Relief Is Coming for the Hesitant

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“Freely given consent to any medical treatment, particularly in the context of a clinical trial, is not optional. Coercion is completely incompatible with consent, and denying a person the ability to work and participate in society if the person does not have a COVID vaccine will unquestionably breach this fundamental and internationally recognised human right. Can COVID vaccinations be mandated by employers on health and safety grounds? The short answer to this question, in almost every case, is no.”

By Tim Grant, Matthew Littlefield, and Giuliano Bordoni

The last two years have been a wild ride, one that most of us wished was over, but we suspect it still has some twists and turns to come.  However, it is important that we continue to confront a disturbing aspect of these last two years: the shunning, mocking, and condescending discussions aimed at the covid curious and covid vaccine-hesitant and the quickness with which many want to override the consciences of such people.

Rather than seeking to understand this portion of society, many Aussies, including church leaders, have fallen into lockstep with mainstream media personalities and politicians who have demeaned them. To say this is counterproductive is an understatement. It has been causing serious fractures in our society which have filtered through to workplaces, community halls, churches, and families. Those in agreement with the majority’s position only needed to do one simple thing; acknowledge that those who were concerned about the trajectory of our society have valid reasons for their concerns. Many leaders struggled to even do that. Many who held a contrarian opinion remained silent, for fear that they would be labelled as “anti-vax,” or “right-wing,” or “conspiracy theorists,” etc, etc.

The speed with which our society has overridden long-held norms should have given many people cause to be considerate with those who are uncomfortable with the changes. It is especially incumbent on church leaders to walk in an understanding way with such people. We are taught about the wisdom of consultation and relationships when seeking to bring change in our congregations, and we know the dangers any community group can face, when change happens too fast, and people feel like they are losing any say. It causes fractures that are unnecessary.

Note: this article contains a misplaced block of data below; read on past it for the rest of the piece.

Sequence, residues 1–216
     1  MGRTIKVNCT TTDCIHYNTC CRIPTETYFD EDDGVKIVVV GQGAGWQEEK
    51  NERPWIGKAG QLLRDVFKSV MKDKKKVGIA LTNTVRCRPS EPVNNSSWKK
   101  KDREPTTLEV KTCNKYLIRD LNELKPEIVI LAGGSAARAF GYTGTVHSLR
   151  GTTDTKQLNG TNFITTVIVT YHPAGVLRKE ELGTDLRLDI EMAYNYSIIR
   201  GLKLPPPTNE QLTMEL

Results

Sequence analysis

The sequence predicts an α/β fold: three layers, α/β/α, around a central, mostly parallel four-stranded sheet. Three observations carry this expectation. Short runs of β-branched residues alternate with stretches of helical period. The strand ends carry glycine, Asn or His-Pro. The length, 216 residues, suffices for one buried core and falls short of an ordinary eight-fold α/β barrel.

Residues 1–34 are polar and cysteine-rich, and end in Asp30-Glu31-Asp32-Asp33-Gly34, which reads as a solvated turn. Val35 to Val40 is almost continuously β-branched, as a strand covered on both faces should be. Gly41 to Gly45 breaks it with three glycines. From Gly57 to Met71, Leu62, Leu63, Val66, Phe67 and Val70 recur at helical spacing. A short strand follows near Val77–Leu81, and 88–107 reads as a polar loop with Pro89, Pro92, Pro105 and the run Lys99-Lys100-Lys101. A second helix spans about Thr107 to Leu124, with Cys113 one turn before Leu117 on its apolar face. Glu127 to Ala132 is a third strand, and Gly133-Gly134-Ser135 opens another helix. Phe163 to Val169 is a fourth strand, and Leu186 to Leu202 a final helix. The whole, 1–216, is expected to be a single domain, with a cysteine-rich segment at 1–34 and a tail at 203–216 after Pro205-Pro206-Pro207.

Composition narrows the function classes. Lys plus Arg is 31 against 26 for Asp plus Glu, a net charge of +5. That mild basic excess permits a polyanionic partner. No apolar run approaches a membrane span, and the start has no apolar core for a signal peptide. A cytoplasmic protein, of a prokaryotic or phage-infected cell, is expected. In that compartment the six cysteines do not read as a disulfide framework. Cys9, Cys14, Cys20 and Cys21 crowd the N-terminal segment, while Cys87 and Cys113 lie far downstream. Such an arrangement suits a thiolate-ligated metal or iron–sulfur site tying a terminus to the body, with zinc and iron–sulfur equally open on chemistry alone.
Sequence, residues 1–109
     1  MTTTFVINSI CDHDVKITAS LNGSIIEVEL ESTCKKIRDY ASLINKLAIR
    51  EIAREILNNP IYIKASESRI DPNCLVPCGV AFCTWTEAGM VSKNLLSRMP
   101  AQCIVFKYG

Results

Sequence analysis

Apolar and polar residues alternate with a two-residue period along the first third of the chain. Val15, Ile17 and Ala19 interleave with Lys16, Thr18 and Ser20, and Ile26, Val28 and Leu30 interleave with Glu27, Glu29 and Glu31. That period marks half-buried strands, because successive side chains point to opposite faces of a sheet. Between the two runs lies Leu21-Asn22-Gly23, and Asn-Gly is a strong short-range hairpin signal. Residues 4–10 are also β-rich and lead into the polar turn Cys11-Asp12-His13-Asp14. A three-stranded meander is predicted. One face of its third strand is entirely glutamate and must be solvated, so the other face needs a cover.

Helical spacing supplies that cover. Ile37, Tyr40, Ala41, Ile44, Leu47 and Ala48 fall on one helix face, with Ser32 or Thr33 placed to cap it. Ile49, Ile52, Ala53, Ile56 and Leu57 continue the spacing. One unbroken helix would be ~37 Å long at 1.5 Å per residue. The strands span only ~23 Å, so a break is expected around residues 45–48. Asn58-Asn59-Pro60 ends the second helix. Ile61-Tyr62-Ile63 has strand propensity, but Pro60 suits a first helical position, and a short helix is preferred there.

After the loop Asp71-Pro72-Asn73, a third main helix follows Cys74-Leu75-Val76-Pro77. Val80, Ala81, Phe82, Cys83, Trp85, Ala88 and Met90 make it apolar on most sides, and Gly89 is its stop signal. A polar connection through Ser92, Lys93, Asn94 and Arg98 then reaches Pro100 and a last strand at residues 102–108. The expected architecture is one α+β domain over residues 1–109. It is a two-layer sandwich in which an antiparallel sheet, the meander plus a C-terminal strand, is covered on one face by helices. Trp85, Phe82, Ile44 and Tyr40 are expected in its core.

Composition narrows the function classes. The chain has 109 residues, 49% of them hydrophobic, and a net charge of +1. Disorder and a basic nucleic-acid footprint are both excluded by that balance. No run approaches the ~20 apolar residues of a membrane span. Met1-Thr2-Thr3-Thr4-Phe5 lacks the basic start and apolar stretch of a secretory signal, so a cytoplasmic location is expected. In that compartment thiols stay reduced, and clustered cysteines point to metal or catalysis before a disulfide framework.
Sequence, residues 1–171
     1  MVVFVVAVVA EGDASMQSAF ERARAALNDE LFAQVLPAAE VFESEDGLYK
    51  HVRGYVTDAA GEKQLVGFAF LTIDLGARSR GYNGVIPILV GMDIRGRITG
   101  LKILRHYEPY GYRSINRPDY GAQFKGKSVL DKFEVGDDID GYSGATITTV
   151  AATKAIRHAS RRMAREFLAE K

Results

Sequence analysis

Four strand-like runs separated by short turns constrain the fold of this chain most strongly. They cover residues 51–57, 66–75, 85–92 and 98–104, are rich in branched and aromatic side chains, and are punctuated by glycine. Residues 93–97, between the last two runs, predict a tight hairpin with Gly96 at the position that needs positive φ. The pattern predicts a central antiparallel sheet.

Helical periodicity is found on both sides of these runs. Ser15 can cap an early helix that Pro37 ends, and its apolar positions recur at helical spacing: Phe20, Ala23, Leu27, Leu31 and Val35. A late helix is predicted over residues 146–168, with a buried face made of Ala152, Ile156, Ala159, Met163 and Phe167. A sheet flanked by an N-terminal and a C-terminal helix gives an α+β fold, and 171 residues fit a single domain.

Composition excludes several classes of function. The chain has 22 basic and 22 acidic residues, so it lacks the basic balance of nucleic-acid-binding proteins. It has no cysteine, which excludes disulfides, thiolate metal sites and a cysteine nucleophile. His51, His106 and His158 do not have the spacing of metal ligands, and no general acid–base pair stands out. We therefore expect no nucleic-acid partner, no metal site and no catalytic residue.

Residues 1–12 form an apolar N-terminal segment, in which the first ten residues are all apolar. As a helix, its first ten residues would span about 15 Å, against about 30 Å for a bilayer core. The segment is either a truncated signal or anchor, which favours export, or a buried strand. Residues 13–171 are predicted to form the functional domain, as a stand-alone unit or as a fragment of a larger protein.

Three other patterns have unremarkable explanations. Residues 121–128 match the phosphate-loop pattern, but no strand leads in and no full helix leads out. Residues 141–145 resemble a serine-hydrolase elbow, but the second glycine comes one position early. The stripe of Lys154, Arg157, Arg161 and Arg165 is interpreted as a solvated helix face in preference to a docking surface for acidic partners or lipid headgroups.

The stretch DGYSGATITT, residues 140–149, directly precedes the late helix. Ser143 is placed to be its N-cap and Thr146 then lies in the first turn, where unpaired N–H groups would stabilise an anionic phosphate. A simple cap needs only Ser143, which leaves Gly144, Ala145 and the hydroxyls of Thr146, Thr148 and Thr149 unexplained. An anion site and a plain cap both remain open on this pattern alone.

However, relief is coming for the hesitant. While this relief is building slowly, it is important to note that there are people in positions of power who are acknowledging that the hesitant should not be coerced. We had hoped the Church could lead on this front, but this, unfortunately, hasn’t happened. Instead, leadership has come from the Fair Work Commission in the person of Deputy President Lyndall Dean. Even though Dean wasn’t in the majority in this particular decision, she stated:

Finally, all Australians, including those who hold or are suspected of holding “anti-vaccination sentiments”, are entitled to the protection of our laws, including the protections afforded by the Fair Work Act. In this regard, one can only hope that the Majority Decision is recognised as an anomaly and not followed by others.

This call for justice should’ve initially come from those who know the goodness and truth of Jesus. But, to paraphrase the Biblical author in this particular context, if those who should cry out in favour of the truth won’t do their job, God will raise other voices to uphold his justice, even the voice from the cold stone of the law of the country (Luke 19:40).

One of the most fascinating things about Australian society is that not only has much of the nation forgotten its Christian roots but so has much of the Church. But to a large degree our laws still reflect these influences. Those who know our western history know how much the considerations of conscience were an important concern of medieval theologians and Protestant Reformers, and how these traditions combined to make the West so great. The West learnt, through long struggles and many difficulties, that it was better to convince people’s consciences, rather than coerce them. This is very significant since there is much in our law which reflects these lessons.

Here are some of the assessments of the Deputy President Dean’s dissenting decision in this recent case dated 27 September 2021, and taken word for word from her dissenting ruling:

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